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PRADA USA CORP., Plaintiff, v. 724 FIFTH FEE OWNER LLC, Wharton Properties LLC, Jeff Sutton, Defendant.
The following e-filed documents, listed by NYSCEF document number (Motion 002) 48, 49, 50, 51, 52, 53, 54, 55, 56, 57, 58, 59, 60, 61, 62, 63, 85, 86, 87 were read on this motion to/for ENFORCE/EXEC JUDGMENT OR ORDER.
The following e-filed documents, listed by NYSCEF document number (Motion 003) 65, 66, 67, 68, 69, 88, 89, 90, 91, 92, 93, 94, 95, 96, 97, 98, 99, 100, 101, 102, 103, 104, 105, 106, 107, 108 were read on this motion to/for PARTIAL SUMMARY JUDGMENT.
Reference is made to this court's decision and order dated March 2, 2020 (the Prior Decision; NYSCEF Doc. No. 35). Capitalized terms used but not defined herein shall have the meaning set forth in the court's Prior Decision.
Prada's Order to Show Cause (Mtn. Seq. No. 002) is granted in part. As this court previously discussed, under the Lease, the parties agreed that in the event that the Owner exercised the Suspension provisions—because the Owner was contemplating a redevelopment of the Building — then, Prada's tenancy and rent would be suspended and Prada would receive as liquidated damages up to $5,000,000 (depending on when the Suspension Date occurred) to compensate it for being displaced from its occupancy in the demised premises until the Anticipated Reinstatement Date occurs. The Anticipated Reinstatement Date was to be not later than three years after the Suspension Date identified in the Suspension Notice. Additionally, the parties agreed that the Owner would be obligated, as part of the redevelopment of the Building, to rebuild Prada's demised premises based on Prada selecting a build out model from selections offered by the Owner (i.e., Prada would be given a replacement store). It is established that the Owner activated the Suspension provisions, and that Prada made the required selection, which ripened these provisions into an enforceable set of obligations. As previously discussed, prior to the time of the Prior Decision, the Owner decided that it was not redeveloping the Building because it is no longer feasible to do so. Prada, in turn, did not vacate the demised premises and instead continued to occupy the demised premises and pay rent.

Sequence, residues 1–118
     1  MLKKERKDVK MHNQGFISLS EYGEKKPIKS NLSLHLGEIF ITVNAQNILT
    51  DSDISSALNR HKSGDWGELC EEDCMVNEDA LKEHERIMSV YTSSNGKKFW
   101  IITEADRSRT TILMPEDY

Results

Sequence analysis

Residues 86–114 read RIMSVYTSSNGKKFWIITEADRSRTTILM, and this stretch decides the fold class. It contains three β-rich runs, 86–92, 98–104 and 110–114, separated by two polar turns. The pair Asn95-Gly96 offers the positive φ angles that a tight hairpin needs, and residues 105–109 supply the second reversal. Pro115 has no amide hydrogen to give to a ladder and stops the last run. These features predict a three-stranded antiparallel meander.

Although the Suspension Notice is not revocable, Prada does not now have the right (based on the Lease or otherwise) to compel the Owner to redevelop the Building. Nor is Prada entitled to the $5,000,000 liquidated damages provided for in the Lease if Prada's occupancy were to be suspended by the Owner because the suspension of Prada's tenancy, premised on the Owner's redevelopment, is not now going to occur. The money available under the Suspension provisions were negotiated liquidated damages designed to constitute the compensation that the parties agreed should be paid for the loss or injury flowing from an agreed suspension of their contract — which suspension would otherwise be a breach of Prada's tenancy (Truck Rent-A-Center, Inc. v Puritan Farms 2nd, 41 NY2d 420, 423-424 ). To be enforceable, a liquidated damages clause cannot be a penalty (nor render a windfall), but must bear “a reasonable proportion to the probable loss” and the amount of actual loss must be impossible or difficult to precisely estimate (id.; Rubin v Napoli Bern Ripka Shkolnik, LLP, 179 AD3d 495 [1st Dept 2020]). Where the amount fixed as liquidated damages “is plainly or grossly disproportionate to the probable loss, the provision calls for a penalty and will not be enforced” (Truck Rent-A-Center, 41 NY2d at 425). To determine whether a contractual provision constitutes liquidated damages or a penalty, the contract must be “interpreted as of the date of its execution, not the date of its breach” (Vernitron Corp. v CF 48 Assocs., 104 AD2d 409, 409 [2d Dept 1984]). In other words, “the court must look to the anticipated loss discernible at the time of contracting and not the actual loss incurred by the breach to determine whether liquidated damages are reasonable or whether the damages [were] capable of calculation” (id.). The burden is on the party challenging the liquidated damages provision to show that such damages are an unenforceable penalty (Rubin, 179 AD3d at 496).